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Carbon: Forecasting Civil Unrest Events by Monitoring News and Social Media

  • Wei Kang
  • Jie Chen
  • Jiuyong Li
  • Jixue Liu
  • Lin Liu
  • Grant Osborne
  • Nick Lothian
  • Brenton Cooper
  • Terry Moschou
  • Grant Neale
Conference paper
Part of the Lecture Notes in Computer Science book series (LNCS, volume 10604)

Abstract

Societal security has been receiving unprecedented attention over the past decade because of the ubiquity of online public data sources. Much research effort has been taken to detect relevant societal issues. However, forecasting them is more challenging but greatly beneficial to the entire society. In this paper, we present a forecasting system named Carbon to predict civil unrest events, e.g., protests and strikes. Two predictive models are implemented and scheduled to make predictions periodically. One model forecasts through the analysis of historical civil unrest events reported by news portals, while the other functions by detecting and integrating early clues from social media contents. With our web UI and visualisation, users can easily explore the predicted events and their spatiotemporal distribution. The demonstration will exemplify that Carbon can greatly benefit the society such that the general public can be alerted in advance to avoid potential dangers and that the authorities can take proactive actions to alleviate tensions and reduce possible damage to the society.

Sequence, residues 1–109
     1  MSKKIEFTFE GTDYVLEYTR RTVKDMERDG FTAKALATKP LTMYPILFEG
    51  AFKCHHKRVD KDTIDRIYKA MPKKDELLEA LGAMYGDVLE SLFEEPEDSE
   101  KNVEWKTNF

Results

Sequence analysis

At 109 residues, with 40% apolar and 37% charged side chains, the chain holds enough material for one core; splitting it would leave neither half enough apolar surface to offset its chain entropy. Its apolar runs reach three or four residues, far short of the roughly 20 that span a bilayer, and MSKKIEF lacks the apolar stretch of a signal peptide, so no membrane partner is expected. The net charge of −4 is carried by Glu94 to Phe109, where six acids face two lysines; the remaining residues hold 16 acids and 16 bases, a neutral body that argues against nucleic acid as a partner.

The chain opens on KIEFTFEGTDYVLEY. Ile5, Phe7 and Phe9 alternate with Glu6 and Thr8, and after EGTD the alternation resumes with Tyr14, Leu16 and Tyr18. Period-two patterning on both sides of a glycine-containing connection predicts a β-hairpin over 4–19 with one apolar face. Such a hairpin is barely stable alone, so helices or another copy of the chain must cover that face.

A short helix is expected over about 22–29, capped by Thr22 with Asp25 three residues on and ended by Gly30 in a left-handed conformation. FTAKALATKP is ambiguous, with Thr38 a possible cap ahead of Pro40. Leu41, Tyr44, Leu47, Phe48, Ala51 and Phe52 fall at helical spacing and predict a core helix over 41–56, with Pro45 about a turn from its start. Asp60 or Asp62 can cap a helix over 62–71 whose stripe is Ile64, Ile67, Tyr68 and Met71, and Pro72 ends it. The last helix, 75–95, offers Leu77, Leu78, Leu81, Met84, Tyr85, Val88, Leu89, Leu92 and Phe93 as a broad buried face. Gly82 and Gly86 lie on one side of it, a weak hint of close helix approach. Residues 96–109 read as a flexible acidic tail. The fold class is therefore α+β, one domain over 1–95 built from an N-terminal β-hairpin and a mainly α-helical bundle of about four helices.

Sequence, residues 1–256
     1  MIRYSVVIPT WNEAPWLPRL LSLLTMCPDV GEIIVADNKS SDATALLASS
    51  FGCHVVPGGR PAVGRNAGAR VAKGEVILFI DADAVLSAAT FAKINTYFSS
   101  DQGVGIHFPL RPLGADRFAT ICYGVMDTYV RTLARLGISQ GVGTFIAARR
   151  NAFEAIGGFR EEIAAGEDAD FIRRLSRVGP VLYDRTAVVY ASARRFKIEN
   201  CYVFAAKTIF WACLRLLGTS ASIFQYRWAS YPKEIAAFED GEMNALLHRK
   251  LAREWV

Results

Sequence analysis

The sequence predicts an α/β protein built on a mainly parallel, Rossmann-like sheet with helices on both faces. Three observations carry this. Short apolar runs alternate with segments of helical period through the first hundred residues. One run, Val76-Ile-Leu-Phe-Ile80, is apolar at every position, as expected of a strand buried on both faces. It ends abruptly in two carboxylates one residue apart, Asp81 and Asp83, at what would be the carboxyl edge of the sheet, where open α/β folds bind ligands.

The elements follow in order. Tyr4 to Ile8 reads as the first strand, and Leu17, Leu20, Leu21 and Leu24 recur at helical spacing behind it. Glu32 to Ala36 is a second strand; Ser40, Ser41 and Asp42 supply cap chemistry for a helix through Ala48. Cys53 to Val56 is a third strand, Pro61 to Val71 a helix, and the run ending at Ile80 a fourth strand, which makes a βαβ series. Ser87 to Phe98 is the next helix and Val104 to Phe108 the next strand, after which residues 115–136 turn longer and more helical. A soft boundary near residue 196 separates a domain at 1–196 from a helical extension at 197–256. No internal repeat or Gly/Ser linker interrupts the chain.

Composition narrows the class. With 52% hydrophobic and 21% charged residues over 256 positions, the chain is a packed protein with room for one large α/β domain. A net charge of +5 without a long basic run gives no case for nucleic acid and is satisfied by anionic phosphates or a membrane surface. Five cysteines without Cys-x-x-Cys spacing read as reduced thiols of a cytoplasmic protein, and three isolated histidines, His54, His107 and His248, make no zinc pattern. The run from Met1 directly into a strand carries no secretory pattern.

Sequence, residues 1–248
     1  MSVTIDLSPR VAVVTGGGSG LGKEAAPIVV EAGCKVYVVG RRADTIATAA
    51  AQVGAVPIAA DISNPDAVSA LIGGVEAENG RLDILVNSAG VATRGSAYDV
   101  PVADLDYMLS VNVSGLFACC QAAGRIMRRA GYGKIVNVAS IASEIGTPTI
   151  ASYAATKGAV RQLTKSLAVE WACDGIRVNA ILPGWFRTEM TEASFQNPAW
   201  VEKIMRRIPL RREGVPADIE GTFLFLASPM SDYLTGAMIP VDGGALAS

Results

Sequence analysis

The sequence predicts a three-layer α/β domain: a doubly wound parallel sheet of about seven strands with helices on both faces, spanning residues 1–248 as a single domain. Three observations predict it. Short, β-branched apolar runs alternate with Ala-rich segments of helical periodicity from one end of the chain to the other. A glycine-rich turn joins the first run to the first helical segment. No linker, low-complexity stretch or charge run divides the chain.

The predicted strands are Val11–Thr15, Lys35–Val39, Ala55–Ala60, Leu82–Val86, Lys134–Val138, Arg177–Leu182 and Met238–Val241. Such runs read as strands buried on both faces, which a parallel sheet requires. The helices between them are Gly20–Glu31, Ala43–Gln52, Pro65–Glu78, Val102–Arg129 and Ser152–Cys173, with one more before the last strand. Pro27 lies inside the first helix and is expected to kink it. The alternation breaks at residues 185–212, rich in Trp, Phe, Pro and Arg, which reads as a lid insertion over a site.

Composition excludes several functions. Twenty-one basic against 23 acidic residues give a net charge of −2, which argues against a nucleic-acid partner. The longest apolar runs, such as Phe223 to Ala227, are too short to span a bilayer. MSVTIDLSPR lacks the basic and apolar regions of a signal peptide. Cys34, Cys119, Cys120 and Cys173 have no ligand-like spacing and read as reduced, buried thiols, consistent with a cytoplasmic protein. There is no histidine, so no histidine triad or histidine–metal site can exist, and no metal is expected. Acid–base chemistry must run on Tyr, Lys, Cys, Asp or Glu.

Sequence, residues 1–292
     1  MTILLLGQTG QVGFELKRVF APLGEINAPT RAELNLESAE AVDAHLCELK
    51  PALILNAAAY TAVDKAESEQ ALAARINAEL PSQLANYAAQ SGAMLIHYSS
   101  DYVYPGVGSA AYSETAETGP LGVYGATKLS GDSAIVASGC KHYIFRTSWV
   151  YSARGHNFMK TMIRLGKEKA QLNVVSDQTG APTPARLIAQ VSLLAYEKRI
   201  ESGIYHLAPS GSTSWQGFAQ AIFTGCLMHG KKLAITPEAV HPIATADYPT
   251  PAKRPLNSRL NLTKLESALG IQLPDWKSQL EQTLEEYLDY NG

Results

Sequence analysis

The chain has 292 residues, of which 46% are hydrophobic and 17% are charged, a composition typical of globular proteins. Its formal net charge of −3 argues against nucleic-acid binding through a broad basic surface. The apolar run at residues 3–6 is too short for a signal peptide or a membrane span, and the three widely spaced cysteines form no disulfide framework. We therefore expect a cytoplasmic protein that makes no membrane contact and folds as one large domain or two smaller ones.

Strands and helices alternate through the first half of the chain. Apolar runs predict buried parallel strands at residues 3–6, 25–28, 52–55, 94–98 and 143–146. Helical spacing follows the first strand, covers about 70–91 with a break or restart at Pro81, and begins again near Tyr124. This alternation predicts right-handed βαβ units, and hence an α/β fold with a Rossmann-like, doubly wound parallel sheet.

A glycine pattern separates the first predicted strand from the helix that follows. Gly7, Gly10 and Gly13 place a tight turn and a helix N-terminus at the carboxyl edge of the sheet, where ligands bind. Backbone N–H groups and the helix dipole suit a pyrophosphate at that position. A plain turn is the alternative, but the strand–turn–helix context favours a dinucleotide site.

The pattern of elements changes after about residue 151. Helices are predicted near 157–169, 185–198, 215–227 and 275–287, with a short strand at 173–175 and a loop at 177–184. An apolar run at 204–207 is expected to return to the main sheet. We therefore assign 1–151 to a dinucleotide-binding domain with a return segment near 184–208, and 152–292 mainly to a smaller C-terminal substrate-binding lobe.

Keywords

Civil unrest Predictive models Open source data 

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Copyright information

© Springer International Publishing AG 2017

Authors and Affiliations

  • Wei Kang
    • 1
  • Jie Chen
    • 1
  • Jiuyong Li
    • 1
  • Jixue Liu
    • 1
  • Lin Liu
    • 1
  • Grant Osborne
    • 2
  • Nick Lothian
    • 2
  • Brenton Cooper
    • 2
  • Terry Moschou
    • 2
  • Grant Neale
    • 2
  1. 1.University of South AustraliaMawson LakesAustralia
  2. 2.Data to Decisions CRCKent TownAustralia

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